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Brentwood Divorce Attorneys > Blog > Child Custody > What To Do If Your Child Refuses Visitation With The Other Parent

What To Do If Your Child Refuses Visitation With The Other Parent

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During any divorce that involves children, a parenting plan must be negotiated between the two parents or the parties will have to go to court and allow a judge to make the final decision. Regardless of how parenting time is decided, once a plan is in place, it is a court order and all parties are expected to comply with the terms. This includes the children but unfortunately, kids do not always want to go visit one parent or the other.

So, what can you do if your child does not want to spend time with the other parent? Fortunately, you do have options. Our Brentwood child custody lawyer explains what these are below.

Talk to the Other Parent

It is always best to try and resolve any family dispute that arises without court intervention. First, speak with your child about their concerns. Children sometimes do not want to visit their other parents for a multitude of reasons. Maybe it is a simple matter of them not wanting to leave their friends who live next door. Or, maybe it is something far more serious, such as abuse that occurs at the other parent’s home.

If the concern is something relatively simple that you and the other parent can fix, try to speak to your former spouse about it. Express the concerns your child has raised and try to resolve the issue together. Remember that when children know there is underlying conflict between their parents, they may try to manipulate the situation in their favor. When speaking to your ex, try to give them the benefit of the doubt and focus on resolving the issue together.

Seek Professional Help

In some scenarios, a professional counselor may be necessary to try and address the issues. A family therapist can help children identify their issues and create strategies the whole family can use to resolve them. Counseling can be done one-on-one with the child, or in a group setting with the whole family. The type of counseling you choose will depend on your family dynamics and the openness and willingness of all parties involved.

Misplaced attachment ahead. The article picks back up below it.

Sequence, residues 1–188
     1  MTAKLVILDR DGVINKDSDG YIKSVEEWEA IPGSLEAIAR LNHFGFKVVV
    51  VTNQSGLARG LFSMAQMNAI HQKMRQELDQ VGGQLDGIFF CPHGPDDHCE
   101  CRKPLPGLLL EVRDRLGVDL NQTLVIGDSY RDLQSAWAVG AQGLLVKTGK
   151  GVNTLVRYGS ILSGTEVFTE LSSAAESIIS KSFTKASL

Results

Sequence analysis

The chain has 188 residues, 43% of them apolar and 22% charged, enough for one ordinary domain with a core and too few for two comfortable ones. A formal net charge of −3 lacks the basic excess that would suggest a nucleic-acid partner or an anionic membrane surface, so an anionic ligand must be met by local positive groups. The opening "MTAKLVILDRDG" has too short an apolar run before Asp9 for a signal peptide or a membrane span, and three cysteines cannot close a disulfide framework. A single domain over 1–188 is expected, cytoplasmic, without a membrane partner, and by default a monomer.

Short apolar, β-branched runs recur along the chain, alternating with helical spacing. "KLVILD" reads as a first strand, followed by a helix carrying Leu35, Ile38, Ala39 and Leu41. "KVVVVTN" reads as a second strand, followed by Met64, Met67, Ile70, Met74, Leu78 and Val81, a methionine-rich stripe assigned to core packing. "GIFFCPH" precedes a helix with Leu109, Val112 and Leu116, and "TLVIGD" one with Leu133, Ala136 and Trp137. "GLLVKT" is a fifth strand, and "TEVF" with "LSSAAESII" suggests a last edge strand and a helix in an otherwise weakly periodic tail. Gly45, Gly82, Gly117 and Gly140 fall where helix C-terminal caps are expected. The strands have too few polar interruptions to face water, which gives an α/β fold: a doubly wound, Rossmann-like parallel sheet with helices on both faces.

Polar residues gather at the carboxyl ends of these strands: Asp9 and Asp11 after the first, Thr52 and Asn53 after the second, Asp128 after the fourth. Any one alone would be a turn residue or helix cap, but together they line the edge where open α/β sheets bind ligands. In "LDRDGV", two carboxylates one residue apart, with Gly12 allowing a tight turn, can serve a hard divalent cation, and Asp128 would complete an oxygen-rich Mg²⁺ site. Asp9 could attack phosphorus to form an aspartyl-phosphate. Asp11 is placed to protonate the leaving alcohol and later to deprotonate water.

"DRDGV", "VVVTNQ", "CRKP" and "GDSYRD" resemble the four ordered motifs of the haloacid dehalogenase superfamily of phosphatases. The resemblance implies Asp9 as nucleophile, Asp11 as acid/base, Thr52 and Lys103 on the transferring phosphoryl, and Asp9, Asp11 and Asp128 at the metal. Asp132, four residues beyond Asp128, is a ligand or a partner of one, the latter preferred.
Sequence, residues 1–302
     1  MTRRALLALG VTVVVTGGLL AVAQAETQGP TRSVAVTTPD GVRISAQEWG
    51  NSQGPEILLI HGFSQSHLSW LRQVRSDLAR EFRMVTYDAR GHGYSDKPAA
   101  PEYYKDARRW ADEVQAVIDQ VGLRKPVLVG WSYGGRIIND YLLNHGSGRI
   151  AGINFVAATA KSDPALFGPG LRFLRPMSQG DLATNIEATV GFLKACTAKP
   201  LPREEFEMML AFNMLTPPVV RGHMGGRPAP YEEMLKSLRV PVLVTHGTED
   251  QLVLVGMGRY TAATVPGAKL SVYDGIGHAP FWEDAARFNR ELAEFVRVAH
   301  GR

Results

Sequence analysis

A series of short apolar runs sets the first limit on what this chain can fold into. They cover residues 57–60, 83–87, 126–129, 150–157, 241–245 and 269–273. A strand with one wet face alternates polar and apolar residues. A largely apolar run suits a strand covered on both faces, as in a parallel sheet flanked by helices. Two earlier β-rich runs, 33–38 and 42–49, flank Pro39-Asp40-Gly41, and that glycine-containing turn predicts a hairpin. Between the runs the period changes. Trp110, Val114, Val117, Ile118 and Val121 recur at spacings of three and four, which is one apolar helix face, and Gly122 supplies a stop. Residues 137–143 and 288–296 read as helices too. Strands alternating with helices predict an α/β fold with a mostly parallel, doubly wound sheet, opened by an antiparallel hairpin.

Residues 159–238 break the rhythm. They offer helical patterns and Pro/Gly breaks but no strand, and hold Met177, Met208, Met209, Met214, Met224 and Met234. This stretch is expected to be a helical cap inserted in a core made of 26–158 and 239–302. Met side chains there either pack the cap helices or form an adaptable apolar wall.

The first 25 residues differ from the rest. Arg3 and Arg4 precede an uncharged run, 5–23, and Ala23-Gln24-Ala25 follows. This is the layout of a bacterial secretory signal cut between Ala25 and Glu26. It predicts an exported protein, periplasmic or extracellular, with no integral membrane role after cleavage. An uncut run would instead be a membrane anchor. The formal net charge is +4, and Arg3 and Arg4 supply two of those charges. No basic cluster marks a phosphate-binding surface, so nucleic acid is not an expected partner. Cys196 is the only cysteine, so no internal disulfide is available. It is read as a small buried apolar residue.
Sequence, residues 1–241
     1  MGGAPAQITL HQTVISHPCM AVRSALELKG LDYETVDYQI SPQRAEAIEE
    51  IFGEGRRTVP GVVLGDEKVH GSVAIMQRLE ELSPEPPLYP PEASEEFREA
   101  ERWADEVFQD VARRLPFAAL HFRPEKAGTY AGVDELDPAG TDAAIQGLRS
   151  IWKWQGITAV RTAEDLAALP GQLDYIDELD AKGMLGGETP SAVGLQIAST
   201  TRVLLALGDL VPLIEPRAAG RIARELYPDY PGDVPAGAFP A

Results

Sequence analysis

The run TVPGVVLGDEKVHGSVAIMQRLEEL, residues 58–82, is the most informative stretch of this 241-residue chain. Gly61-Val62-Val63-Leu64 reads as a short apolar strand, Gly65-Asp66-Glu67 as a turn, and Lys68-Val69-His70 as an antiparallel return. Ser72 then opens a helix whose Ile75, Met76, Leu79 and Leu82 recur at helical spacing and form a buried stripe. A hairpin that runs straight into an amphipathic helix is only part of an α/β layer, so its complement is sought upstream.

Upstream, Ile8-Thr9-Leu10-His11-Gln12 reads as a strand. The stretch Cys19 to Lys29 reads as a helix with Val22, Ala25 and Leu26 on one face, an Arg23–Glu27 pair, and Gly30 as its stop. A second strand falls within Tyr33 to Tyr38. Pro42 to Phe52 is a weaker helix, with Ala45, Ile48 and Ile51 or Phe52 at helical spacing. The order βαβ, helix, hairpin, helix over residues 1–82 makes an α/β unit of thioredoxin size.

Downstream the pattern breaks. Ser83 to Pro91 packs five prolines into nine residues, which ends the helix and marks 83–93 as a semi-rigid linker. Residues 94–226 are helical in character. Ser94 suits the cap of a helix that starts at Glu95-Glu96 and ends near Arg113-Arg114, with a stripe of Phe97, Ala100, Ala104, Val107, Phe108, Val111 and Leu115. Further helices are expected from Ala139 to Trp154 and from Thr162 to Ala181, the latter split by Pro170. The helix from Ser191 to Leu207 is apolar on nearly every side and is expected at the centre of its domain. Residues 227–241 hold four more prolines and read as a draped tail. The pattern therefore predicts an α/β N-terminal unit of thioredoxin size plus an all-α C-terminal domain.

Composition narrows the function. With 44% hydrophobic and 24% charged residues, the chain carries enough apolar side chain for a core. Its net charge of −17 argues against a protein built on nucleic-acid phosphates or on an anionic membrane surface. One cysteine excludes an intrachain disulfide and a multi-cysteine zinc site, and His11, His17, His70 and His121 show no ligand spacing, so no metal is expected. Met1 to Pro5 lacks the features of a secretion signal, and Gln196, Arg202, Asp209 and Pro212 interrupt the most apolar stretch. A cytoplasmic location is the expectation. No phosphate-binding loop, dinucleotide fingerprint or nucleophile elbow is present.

Court Intervention

If your child does not want to visit the other parent and you cannot work it out as a family, you will have to take the matter to court. If your child is over the age of 12, the court will take their preference into consideration, although it is never the sole determining factor. By taking the matter to court, you will show the judge that you are trying to resolve the issue and you may even obtain a new parenting plan that addresses the concerns of your child.

Our Child Custody Attorneys in Brentwood Can Help with Your Case

Child custody issues can arise during divorce, and for many years afterward. If you have a dispute, our Brentwood child custody attorneys at Beal, Nations & Crutcher can help you resolve it. Call us now at 615-861-2304 or contact us online to schedule a consultation with one of our skilled attorneys so we can discuss your needs.

Sources:

casetext.com/statute/tennessee-code/title-36-domestic-relations/chapter-4-divorce-and-annulment/section-36-4-101-grounds-for-divorce-from-bonds-of-matrimony

law.justia.com/codes/tennessee/2010/title-36/chapter-6/part-1/36-6-106/

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